Beet, Carrot and Apple Fritters – CSA Week 4

Beets, Carrots and Apple Latkes, via Eat the Vegan Rainbow

It’s early July, and here in New England (which is, for those of you who hail from across the globe, a name for the Northeastern-most part of the United States that includes six states: Rhode Island, Connecticut, Massachusetts, New Hampshire, Maine, and Vermont) the farm activities are in full swing. The greater Boston area is brimming with farms of different size and produce selection. For example, we went cherry picking on July 4th, and ended up with an amazing selection of cherries. We ate a lot, shared some with neighbors, and washed, pitted  and froze the rest. In this way, the frozen cherries are ready for smoothies, sauces or pies later in the year.

What’s in this week’s CSA basket?

At our local farm where we get our CSA (Community Supported Agriculture) share  the Upswing Farm, the vegetables this week included beets, like it did last week (and I shared  about how to pan roast beets and sauté the beet greens few days ago), carrots, zucchini, squash, cucumbers, yellow and green, cilantro, fennel, and so on and so forth. It was a really great week!

Beets are versatile!

If you are skeptical about beets, don’t be – they are versatile! Yes, you may think that I am saying that because I an Eastern European and there is a bit of a beet culture on the Balkans, but beets really can work in many different ways. In addition to the two recipes I shared last week, beets can be made into a hummus (yummy), used as a salad, sandwich or a veggie burger topping, and also made into tasty burgers (see here, and here for some great beet burger recipes to try). And they are an essential, as in not-to-be-skipped-under-any-circumstance, ingredient for fabulous BBQ ribs, either those made with wheat gluten or gluten-free.

So, how about beet fritters?

And this brings us to these fritters. Without a doubt, vegetable, and in some cases fruit, fritters are ubiquitous. Every cuisine has a recipe or two that fall into this category and take advantage of ingredients in season, often times potatoes, zucchini, squash, carrots, a grater, a bit of flour and usually some eggs, to make a quick meal. So, how about beet fritters? And how about vegan and gluten-free? Well, the recipe here answers these question in affirmative.

Chia seeds and flaxseed meal as binding agents

Grated beets, carrots and the apple make the body of these fritters. The easiest way to grate them is using a large grating attachment on your food processors, although, of course, grating by hand will work too! You don’t need to cooked the beets first, but do peel and wash them, as well as the carrots – apple is the only ingredient that does not require peeling. Just before you start grating you should start soaking your flaxseed meal by combining flaxseed meal with hot water in 1 to 3 ratio. Because the grated fruits and veggies have high moisture content, they do need extra binding agents and that’s why I recommend using quite a bit of flaxseed meal as well as chia seeds. Together, flaxseed meal and chia seeds work together to created fritters that hold their shape well without any eggs or flour.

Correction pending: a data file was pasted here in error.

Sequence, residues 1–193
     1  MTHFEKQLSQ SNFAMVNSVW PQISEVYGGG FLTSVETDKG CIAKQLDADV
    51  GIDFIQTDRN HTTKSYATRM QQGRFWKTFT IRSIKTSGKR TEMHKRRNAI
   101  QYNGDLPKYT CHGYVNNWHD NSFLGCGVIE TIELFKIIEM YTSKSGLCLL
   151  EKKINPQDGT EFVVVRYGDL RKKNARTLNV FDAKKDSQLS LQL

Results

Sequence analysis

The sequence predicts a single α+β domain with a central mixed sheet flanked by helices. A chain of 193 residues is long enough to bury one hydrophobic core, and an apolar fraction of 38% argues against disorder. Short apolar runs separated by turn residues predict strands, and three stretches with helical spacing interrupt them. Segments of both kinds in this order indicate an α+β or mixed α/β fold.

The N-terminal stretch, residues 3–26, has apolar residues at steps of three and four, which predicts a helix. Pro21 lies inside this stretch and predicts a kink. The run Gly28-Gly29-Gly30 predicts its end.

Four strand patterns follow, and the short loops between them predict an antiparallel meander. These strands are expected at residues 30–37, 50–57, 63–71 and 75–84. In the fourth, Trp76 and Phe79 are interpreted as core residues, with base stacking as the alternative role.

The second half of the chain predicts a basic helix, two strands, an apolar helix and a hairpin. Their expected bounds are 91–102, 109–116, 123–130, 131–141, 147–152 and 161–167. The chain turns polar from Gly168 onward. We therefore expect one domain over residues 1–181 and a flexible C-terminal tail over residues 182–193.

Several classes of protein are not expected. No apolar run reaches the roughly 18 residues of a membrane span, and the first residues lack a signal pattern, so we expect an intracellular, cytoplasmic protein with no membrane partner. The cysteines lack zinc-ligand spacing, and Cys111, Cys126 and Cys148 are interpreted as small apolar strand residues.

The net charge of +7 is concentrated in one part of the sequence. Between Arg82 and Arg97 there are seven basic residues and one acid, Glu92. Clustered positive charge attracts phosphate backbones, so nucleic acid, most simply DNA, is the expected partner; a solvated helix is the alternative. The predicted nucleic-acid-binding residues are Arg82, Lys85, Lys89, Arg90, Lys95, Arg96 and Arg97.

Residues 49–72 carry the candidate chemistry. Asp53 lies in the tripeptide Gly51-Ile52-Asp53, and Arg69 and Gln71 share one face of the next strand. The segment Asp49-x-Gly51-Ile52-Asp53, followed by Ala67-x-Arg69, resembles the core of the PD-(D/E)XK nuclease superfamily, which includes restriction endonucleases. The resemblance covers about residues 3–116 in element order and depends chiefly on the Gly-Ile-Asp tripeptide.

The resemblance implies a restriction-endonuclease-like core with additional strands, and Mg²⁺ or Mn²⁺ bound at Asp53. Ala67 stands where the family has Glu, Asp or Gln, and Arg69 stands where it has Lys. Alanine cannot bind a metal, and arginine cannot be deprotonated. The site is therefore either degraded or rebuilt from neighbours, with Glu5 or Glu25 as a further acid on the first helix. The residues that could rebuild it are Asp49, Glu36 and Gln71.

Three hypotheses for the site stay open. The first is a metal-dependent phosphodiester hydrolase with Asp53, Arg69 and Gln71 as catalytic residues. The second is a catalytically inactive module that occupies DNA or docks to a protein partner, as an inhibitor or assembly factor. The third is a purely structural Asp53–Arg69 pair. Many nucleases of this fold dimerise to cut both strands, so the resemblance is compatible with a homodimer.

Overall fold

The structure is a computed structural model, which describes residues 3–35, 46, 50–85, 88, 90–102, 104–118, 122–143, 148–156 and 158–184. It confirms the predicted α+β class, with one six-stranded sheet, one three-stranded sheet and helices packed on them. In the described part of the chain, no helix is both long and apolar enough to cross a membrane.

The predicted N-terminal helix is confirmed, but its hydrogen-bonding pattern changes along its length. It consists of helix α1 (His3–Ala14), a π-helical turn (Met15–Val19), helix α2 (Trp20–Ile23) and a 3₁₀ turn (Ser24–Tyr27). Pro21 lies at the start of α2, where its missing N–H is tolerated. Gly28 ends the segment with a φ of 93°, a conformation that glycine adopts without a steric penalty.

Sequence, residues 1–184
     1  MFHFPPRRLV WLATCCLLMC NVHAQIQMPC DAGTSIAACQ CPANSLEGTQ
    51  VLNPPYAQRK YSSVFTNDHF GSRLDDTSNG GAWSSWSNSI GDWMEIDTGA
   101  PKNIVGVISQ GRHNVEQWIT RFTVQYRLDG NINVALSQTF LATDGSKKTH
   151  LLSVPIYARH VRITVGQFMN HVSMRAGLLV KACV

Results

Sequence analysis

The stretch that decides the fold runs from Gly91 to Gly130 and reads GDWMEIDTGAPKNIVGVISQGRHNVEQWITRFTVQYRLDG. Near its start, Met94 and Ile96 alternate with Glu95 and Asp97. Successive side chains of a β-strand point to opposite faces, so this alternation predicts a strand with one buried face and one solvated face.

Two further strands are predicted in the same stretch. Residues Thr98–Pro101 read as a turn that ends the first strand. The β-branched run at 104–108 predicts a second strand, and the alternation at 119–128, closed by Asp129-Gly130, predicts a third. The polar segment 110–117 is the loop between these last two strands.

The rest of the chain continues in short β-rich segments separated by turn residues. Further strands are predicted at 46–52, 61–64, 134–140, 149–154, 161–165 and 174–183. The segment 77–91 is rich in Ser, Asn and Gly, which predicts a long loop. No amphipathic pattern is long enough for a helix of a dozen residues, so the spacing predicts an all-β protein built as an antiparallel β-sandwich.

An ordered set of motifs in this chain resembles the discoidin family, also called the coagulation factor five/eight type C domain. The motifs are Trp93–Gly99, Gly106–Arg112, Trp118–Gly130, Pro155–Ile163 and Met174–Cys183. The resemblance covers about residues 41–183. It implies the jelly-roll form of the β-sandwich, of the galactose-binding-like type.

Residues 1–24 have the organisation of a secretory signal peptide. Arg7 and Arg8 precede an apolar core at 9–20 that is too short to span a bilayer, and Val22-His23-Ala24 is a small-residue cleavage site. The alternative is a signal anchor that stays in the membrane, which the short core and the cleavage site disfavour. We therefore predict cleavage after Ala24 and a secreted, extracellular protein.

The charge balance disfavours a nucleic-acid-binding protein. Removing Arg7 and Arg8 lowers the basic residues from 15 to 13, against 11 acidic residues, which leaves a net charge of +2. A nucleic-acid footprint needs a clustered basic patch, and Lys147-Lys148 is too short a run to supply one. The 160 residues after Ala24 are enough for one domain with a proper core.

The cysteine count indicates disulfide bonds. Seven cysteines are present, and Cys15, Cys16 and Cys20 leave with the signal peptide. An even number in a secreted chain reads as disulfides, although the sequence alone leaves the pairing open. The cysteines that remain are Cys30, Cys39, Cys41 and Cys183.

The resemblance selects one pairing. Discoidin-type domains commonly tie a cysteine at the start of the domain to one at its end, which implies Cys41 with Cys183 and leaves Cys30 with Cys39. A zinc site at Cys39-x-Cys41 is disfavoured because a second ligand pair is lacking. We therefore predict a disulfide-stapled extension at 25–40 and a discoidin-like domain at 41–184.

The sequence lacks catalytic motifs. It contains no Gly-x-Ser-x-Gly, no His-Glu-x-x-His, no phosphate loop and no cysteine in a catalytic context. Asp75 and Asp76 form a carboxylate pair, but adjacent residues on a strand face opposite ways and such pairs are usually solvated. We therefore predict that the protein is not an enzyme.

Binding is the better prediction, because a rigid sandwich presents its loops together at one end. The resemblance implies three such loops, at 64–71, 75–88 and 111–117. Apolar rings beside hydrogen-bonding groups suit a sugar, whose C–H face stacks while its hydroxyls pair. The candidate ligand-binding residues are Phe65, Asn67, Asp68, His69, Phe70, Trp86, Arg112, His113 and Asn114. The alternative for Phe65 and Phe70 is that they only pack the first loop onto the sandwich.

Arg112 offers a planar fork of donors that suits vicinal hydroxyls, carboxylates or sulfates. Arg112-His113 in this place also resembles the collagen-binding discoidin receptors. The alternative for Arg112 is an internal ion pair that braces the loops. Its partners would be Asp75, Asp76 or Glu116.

Don’t forget the spices

I recommend using lime juice and zest, as well as freshly grated ginger and finely chopped fresh cilantro to enhance the flavors. The result are light fritters with interesting texture and



Beet, Carrot and Apple Fritters

What you’ll need:

1/4 cup golden flaxseed meal (you can use other types of flaxseed meal as well)

3/4 cup hot water

2 cups shredded carrots (4-6 carrots depending on size)

2 cups shredded beets (3-4 beets or so)

1 shredded Granny Smith apple

1 teaspoon baking soda

1 teaspoon onion powder

1 teaspoon garlic powder

1/2 lime, zest an juice

1/2 inch ginger root, grated

1/2 cup chia seeds

1/4 cup chopped fresh cilantro

Oil or cooking spray for the pan

Extra lime slices, coarsely ground black pepper and/or apple sauce for serving

What you’ll do:

  1. Place the flaxseed meal and hot water into a bowl and mix well. Let the “flax egg” rest for at least 10 minutes. The final result will be a very gooey mix that will work together with chia seeds to bind the fritters together.
  2. While the “flax egg” is resting, grate beets, carrots and an apple by hand or using a food processor equipped with a grating attachment, then transfer into a large mixing bowl. Add all the rest of ingredients, including the “flax egg”, mix well and let stand for 20-30 minutes. This resting time is needed for chia seeds to soak the extra liquid released by the grated beets, carrots and apple, and transform into a gel-like substance.